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7th Circuit reinstates insurer’s case against shipper

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An insurer’s lawsuit against an Indianapolis-based shipping company involving a loss of more than $1 million has been reinstated by the 7th Circuit Court of Appeals.

Judge Diane Wood wrote in a unanimous opinion that the U.S. District Court for the Southern District of Indiana prematurely granted summary judgment for the defendant in Nipponkoa Insurance Company Ltd. v. Atlas Van Lines, 11-3085.

Nipponkoa insured Toshiba American Medical System, which in 2008 contracted with Comtrans, Ltd., and an Affiliate, Alternative Carrier Source, Inc., which hired Atlas to ship a device from California to a trade show in Chicago. A serious accident left TAMS with more than $1 million in losses.   

Atlas claims it had a contract with ACS and presented a bill of lading to Comtrans, each of which limited Atlas’ liability to 60 cents per pound. Atlas claims the Carmack Amendment 49 U.S.C. § 14706 limits its liability, but Nipponkoa contends neither the ACS contract or the bill of lading applied to TAMS and that if they did, they are not  Carmack-compliant.

“As is true in many contract cases that wind up in litigation, the fundamental question is who must ultimately bear the loss when multiple actors play a role in an arrangement,” Wood wrote. “While we appreciate the efforts made by both the parties and the district court to sort this out, we conclude that further proceedings are necessary. A final answer must await further development of the details of the shipping contract and the nature of the relationship among the four companies. Summary judgment was therefore inappropriate.”

The district court initially denied Atlas’ request for summary judgment, the 7th Circuit notes, but granted it after Atlas filed a motion to reconsider.

The order says further development of the relationship among players in the case is necessary, as is determining whether TAMS, which suffered the loss, is bound by Atlas’ contracts or a bill of lading signed by the intermediaries.






 

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  1. Someone off their meds? C'mon John, it is called the politics of Empire. Get with the program, will ya? How can we build one world under secularist ideals without breaking a few eggs? Of course, once it is fully built, is the American public who will feel the deadly grip of the velvet glove. One cannot lay down with dogs without getting fleas. The cup of wrath is nearly full, John Smith, nearly full. Oops, there I go, almost sounding as alarmist as Smith. Guess he and I both need to listen to this again: https://www.youtube.com/watch?v=CRnQ65J02XA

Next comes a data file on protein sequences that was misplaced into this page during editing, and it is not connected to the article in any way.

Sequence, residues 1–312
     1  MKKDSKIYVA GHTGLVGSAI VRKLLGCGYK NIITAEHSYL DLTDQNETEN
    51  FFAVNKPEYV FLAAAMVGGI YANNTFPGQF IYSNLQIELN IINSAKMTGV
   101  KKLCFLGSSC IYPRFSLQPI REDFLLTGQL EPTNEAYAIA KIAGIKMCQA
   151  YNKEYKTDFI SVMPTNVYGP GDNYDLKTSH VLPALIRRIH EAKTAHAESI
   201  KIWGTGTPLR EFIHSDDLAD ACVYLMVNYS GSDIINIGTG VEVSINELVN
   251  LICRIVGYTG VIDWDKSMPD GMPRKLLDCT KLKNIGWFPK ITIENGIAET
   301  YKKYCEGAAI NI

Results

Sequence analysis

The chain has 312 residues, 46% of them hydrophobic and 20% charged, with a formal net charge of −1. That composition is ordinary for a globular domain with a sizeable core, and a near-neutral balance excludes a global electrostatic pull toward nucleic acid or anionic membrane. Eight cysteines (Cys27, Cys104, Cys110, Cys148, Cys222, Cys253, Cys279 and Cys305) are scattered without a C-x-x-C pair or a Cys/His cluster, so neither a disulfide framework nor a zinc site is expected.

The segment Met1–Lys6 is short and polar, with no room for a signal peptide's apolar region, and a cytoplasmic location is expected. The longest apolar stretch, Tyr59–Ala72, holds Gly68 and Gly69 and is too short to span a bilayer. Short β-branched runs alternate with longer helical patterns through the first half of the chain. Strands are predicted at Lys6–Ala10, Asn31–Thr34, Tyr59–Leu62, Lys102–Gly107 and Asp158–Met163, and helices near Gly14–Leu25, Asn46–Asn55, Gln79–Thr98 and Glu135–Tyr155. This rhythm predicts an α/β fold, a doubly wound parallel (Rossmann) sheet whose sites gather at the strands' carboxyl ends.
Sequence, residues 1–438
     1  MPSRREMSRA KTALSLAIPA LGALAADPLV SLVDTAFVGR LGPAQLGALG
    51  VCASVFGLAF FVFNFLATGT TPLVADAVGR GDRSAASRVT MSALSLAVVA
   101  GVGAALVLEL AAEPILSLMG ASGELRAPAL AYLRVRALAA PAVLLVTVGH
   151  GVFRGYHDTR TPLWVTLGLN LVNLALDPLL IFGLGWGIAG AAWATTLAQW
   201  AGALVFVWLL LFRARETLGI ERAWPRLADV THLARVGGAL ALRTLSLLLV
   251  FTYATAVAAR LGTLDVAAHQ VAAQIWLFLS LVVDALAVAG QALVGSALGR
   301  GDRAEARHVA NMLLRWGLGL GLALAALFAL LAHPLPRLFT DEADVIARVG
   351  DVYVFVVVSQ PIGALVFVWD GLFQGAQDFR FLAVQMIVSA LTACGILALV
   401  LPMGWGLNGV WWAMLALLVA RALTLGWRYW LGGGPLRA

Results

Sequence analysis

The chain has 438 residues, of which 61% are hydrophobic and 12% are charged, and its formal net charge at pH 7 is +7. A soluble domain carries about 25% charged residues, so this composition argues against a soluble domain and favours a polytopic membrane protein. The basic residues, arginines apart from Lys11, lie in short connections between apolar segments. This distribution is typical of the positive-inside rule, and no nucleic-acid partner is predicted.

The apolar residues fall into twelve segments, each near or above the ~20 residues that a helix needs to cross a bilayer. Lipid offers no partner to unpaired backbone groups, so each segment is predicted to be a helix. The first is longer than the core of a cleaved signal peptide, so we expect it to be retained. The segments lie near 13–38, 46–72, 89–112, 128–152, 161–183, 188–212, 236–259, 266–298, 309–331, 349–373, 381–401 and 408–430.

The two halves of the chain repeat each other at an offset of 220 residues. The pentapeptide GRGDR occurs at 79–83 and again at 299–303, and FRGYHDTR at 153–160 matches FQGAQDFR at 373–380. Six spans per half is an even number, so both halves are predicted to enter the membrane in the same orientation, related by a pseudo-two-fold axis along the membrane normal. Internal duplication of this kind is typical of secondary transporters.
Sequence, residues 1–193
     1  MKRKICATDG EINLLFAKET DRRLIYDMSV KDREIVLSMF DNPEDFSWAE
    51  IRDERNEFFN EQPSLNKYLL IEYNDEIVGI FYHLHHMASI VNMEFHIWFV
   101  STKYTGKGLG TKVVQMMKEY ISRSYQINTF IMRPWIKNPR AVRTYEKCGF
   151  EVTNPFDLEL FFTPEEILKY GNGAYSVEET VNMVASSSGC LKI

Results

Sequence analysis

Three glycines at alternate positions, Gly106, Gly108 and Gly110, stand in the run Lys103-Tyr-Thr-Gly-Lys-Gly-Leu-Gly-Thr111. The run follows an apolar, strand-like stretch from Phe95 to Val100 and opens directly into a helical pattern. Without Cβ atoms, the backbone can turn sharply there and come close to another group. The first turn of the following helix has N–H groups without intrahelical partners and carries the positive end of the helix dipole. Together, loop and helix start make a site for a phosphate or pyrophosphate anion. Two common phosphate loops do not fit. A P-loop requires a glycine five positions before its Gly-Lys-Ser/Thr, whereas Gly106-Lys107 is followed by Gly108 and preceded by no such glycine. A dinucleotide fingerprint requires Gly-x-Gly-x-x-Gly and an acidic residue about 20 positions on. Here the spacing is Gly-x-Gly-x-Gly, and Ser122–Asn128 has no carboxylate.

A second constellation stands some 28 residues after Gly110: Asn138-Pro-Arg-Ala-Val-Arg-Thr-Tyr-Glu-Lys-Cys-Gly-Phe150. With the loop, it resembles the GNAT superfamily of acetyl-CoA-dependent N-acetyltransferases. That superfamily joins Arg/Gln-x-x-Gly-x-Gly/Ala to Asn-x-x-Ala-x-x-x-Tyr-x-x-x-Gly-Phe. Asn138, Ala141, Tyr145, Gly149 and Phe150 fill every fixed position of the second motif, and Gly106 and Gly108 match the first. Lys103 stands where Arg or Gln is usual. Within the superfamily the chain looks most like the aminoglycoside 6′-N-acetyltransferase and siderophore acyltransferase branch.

2. Charles Rice was one of the greatest of the so-called great generation in America. I was privileged to count him among my mentors. He stood firm for Christ and Christ's Church in the Spirit of Thomas More, always quick to be a good servant of the King, but always God's first. I had Rice come speak to 700 in Fort Wayne as Obama took office. Rice was concerned that this rise of aggressive secularism and militant Islam were dual threats to Christendom,er, please forgive, I meant to say "Western Civilization". RIP Charlie. You are safe at home.

  3. It's a big fat black mark against the US that they radicalized a lot of these Afghan jihadis in the 80s to fight the soviets and then when they predictably got around to biting the hand that fed them, the US had to invade their homelands, install a bunch of corrupt drug kingpins and kleptocrats, take these guys and torture the hell out of them. Why for example did the US have to sodomize them? Dubya said "they hate us for our freedoms!" Here, try some of that freedom whether you like it or not!!! Now they got even more reasons to hate us-- lets just keep bombing the crap out of their populations, installing more puppet regimes, arming one faction against another, etc etc etc.... the US is becoming a monster. No wonder they hate us. Here's my modest recommendation. How about we follow "Just War" theory in the future. St Augustine had it right. How about we treat these obvious prisoners of war according to the Geneva convention instead of torturing them in sadistic and perverted ways.

  4. As usual, John is "spot-on." The subtle but poignant points he makes are numerous and warrant reflection by mediators and users. Oh but were it so simple.

  5. ACLU. Way to step up against the police state. I see a lot of things from the ACLU I don't like but this one is a gold star in its column.... instead of fighting it the authorities should apologize and back off.

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